See Alone and Lonely Together for more on this topic

Subjective Interpretations 

​Let me clarify. Our state of mind is not independent of circumstances. Reality and subjective experience are associated but not identical. States of mind can diverge from experience in traumatic and wonderful fashion. If we experience loving acceptance, it is far easier to feel belongingness. When we are repeatedly rejected and rebuffed, we are more likely to feel lonely. There are exceptions to rules—especially when our rascal mind is involved.

Self hatred may prevent acceptance of love when it is present. Dominating narcissistic tendencies may blur rejections. The twisting of reality to fit pre-conceived ideas may soften pain or prevent healing.

Improving Our Sense of Belonging

Like most psychological improvements, the answers our seldom straight forward. Yet, we can improve, expanding our wellness and enjoying life a little more. For most, we need to work both on states of mind and quality of relationships. Superficial relationships will not do, nor will trickery of mind, attempting to deceive legitimate biological drives. Practice relationship skills, seek guidance, and reflect on successful and failed interactions. We don’t need dozens of relationships to fulfill the need for belonging, just a few quality connections.

“We cannot separate the importance of a sense of belonging from our physical and mental health. The social ties that accompany a sense of belonging are a protective factor helping manage stress.”

 Jennifer Wickham, L.P.C.

Improving perception is a little more challenging. Patterns of thought and tone of perception burn into our cognitions, littered with faulty beliefs, and emotional relics. Yet, we can get better. We can front out rogue and mischievous thoughts that destroy the quality of our relationships. The often involves outside help from a close friend our professional experienced therapist.

Sometimes, successful development arrives with luck. A person enters our lives and breaks down the barriers, penetrating the protective walls and provides the warmth and belongingness we need.

“The essential dilemma of my life is between my deep desire to belong and my suspicion of belonging.”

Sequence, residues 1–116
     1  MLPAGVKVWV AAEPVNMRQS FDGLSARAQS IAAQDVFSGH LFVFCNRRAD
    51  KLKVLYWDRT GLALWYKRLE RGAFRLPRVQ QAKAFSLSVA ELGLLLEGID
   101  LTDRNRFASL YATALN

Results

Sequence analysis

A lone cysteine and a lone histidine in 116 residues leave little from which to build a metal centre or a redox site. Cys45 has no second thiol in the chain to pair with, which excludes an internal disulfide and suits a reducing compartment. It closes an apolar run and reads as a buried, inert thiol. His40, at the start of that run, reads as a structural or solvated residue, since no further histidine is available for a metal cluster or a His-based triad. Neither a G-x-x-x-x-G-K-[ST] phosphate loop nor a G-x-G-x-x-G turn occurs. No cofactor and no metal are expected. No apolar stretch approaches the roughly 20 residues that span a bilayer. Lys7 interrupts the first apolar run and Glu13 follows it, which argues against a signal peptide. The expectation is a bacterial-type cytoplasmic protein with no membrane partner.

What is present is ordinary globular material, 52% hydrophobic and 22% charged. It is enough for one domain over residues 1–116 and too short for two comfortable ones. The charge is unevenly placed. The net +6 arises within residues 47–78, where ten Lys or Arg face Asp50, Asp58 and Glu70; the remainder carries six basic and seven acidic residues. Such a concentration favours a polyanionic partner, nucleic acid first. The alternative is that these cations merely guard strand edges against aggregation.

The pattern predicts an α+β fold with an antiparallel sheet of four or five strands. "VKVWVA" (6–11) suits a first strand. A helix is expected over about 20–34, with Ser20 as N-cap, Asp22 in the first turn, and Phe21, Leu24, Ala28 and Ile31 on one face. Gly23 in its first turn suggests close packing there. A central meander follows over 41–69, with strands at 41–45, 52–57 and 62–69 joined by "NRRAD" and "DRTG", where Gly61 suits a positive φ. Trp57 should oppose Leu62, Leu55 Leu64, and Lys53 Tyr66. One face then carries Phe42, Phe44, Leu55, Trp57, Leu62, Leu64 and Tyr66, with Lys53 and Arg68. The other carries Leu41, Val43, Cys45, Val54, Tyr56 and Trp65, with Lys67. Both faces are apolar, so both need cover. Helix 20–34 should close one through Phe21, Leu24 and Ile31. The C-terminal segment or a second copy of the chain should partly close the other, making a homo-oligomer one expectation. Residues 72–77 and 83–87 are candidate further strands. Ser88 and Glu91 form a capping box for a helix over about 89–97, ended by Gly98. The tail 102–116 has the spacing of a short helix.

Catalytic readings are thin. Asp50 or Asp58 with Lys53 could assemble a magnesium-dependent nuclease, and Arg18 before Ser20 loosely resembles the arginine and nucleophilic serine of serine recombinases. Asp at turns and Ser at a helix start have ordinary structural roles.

​~Jhumpa Lahiri

My grandson’s journey of acceptance and rejection has just begun. However, my journey of belonging continues, full of anxieties and joys. My grandson will face many new challenges, establishing relationships in new schools, jobs, and social worlds. My belonging challenges are different. I must prevent established relationships from slipping, keeping connections alive and energizing. For both of us, our conscious effort to belonging is critical—our wellness depends on it.

References:

Baumeister, R., & Leary, M. (1995). The Need to Belong: Desire for Interpersonal Attachments as a Fundamental Human Motivation. Psychological Bulletin,117(3), 497-529.

​Brantley, J., Millstine, W. (2011). True Belonging: Mindful Practices to Help You Overcome Loneliness, Connect with Others, and Cultivate Happiness. New Harbinger Publications; 1st edition

Cacioppo, J. T., Patrick, W. (2009). ​Loneliness: Human Nature and the Need for Social Connection. ​W. W. Norton & Company; Reprint edition.

Carvallo, M., & Gabriel, S. (2006). No Man Is an Island: The Need to Belong and Dismissing Avoidant Attachment Style. Personality and Social Psychology Bulletin,32(5), 697-709.

Lampert, A. (1997). The Evolution of Love. ​Praeger; First Edition

Murray, S., Holmes, J., & Collins, N. (2006). Optimizing Assurance: The Risk Regulation System in Relationships. Psychological Bulletin, 132(5), 641-666.

Siegel, D. (2020). The Developing Mind, Third Edition: How Relationships and the Brain Interact to Shape Who We Are. The Guilford Press; Third edition.